Rep. Carl Wimmer said Wednesday that he had asked Gov. Jon Huntsman Jr. to fire the head of the Utah Department of Commerce during its investigation of Rick Koerber, who last month was indicted on federal charges of running a multimillion-dollar Ponzi scheme.
A series of e-mails from Wimmer, obtained through an open records request, also shows that the Herriman Republican had gone to the governor with concerns about the "witch hunting" of Koerber and offered his help to the indicted businessman, whom he referred to as "my friend."
Wimmer had previously acknowledged arranging meetings for Koerber with Attorney General Mark Shurtleff and various legislators, including then-House Speaker Greg Curtis, and appearing on Koerber's radio program.
He also spoke at a Koerber event in Provo last April, but insists that he gave no special treatment to Koerber, who he considers an acquaintance and political supporter, not a friend.
In January 2008, Wimmer e-mailed Tani Downing, the governor's general counsel, seeking a meeting with Huntsman, Shurtleff and Koerber to discuss a $30 million lawsuit Wimmer said Koerber planned to file against the Commerce Department for damages "due to the last three years of witch hunting."
"The governor needs to know the depth of what is happening here ... it's enormous," Wimmer wrote.
Wimmer said Wednesday that he didn't meet with the governor, but met with Downing and gave her a packet of information that Koerber had collected, including letters and transcripts of phone conversations with Commerce Department officials.
A few months earlier, Wimmer had joined Rep. Jim Bird, R-West Jordan, in requesting an audit of the Commerce Department's Securities Division based on allegations that officials there had abused their investigative powers and persecuted Utah businessmen, including Koerber.
"I wanted to make sure that was not the case here. If that was the case, I thought it could cause tremendous embarrassment to the governor, and I wanted to make sure he had that information," Wimmer said.
The audit released in July 2008 found that the Securities Division had used coercive tactics and overstepped its authority. It mentioned Koerber's case only to say auditors did not examine that ongoing investigation.
The Herriman Republican also said Wednesday that, before the meeting with Downing, he had urged the governor to fire Commerce Director Francine Giani, because he believed her agency was "out of control." He said that was based primarily on the allegations that led to his audit request and a disparaging e-mail that Wayne Klein, the former head of the Securities Division, sent to Shurtleff in 2007.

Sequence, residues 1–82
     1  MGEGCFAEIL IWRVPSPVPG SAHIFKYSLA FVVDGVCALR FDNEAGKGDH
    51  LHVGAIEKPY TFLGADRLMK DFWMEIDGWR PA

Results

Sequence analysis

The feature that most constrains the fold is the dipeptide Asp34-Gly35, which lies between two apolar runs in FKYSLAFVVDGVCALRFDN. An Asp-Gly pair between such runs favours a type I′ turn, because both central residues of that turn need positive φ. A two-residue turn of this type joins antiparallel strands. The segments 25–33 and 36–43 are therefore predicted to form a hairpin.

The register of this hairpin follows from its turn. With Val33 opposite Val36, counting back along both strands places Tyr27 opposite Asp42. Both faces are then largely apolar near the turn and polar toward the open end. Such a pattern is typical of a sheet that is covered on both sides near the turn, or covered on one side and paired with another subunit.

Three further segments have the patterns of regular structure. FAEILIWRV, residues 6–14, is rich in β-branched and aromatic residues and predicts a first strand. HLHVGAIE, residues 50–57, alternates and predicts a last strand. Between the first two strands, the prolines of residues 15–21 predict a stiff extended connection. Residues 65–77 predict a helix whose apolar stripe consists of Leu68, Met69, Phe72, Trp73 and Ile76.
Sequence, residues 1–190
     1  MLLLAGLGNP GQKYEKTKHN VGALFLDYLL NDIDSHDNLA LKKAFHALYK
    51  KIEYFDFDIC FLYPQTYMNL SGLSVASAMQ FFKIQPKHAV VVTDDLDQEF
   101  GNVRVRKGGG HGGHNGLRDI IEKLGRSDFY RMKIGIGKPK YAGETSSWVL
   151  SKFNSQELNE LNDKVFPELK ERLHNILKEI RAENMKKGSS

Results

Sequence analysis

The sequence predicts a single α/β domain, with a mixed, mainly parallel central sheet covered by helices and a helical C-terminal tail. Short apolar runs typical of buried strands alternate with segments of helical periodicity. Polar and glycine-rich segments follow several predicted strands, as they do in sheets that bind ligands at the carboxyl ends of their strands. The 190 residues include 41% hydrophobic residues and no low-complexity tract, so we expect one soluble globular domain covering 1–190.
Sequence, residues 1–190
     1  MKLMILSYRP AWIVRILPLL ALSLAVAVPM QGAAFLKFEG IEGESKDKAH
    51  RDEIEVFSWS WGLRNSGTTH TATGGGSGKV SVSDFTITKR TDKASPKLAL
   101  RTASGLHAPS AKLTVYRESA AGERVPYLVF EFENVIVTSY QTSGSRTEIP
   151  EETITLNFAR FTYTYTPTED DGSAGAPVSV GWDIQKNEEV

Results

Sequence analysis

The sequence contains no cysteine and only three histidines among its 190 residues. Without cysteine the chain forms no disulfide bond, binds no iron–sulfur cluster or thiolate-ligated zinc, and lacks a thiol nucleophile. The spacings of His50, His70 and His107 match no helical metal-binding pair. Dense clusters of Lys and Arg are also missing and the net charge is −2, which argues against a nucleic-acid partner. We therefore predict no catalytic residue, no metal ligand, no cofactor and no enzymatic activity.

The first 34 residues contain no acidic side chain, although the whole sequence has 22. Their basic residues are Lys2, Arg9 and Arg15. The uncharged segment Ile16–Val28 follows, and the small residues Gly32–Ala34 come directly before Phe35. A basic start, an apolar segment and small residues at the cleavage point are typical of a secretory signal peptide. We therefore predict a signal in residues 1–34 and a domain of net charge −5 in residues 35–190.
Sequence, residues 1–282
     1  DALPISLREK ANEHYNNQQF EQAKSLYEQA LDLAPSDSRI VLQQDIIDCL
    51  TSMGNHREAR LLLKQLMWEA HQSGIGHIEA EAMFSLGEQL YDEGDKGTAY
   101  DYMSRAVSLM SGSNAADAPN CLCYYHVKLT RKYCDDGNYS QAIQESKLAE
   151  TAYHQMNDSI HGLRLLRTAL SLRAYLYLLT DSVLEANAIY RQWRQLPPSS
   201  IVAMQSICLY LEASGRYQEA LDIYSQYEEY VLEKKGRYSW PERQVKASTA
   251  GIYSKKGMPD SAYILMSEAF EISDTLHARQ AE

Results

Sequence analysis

In the e-mail, Wimmer said, Klein warned Shurtleff not to believe Wimmer's advocacy for Koerber because Wimmer was an investor in his businesses.
"There was zero truth to this e-mail. Zero truth," Wimmer said. "It was made up to disparage me and make me look bad, and this was allowed by [Giani's] office and that should not be allowed."
Wimmer says he didn't invest money with Koerber, but he had taken an investment course that Koerber offered, which Wimmer never completed.
"The governor has trusted Francine and supported her in her efforts to do her job and accomplish the mission of the department," said Huntsman's spokeswoman, Lisa Roskelley. She said the governor was briefed occasionally on the status of the Koerber probe.
In another e-mail Wimmer sent in January 2008, the legislator asked Koerber about an event Koerber was planning, at which Wimmer hoped to speak and solicit donations and volunteers for his re-election campaign.
"Being that I would benefit greatly from this, I'd be happy to help coordinate or plan it," Wimmer wrote. "I have about three weeks left to fundraise, then I'm in [legislative] session." Donations to lawmakers are banned during the 45-day session.
Wimmer joined Bird that year in sponsoring legislation that would have stripped the Division of Securities of much of its enforcement power. The bill failed but a watered-down version passed this winter.
Both the request to meet with the governor and the correspondence with Koerber came just a few weeks after the Commerce Department had asked Shurtleff's office to file a civil complaint against Koerber.
The attorney general's office balked at filing the case, seeking more evidence, which Chief Deputy Attorney General Kirk Torgensen previously said -- and the office reiterated Wednesday -- never came. Instead, Giani took the case to the U.S. attorney, who charged Koerber on May 26.
In mid-April 2008, Koerber contacted Wimmer, thanking the representative for what he had done "to assist me and my associates," and informing Wimmer that he had been receiving death threats "as a result of the lies coming from the Department of Commerce."
Wimmer provided Koerber with Shurtleff's e-mail address and offered his sympathies. "I am so sorry that you are going through what you are, Rick," Wimmer wrote. "I want to help get you through this garbage."
"Let me know what else I can do for you," Wimmer wrote, and updated Koerber on the status of his concealed weapons permit that had been stalled at the Bureau of Criminal Investigation. "Your permit should be there any day!"
By Robert Gehrke
The Salt Lake Tribune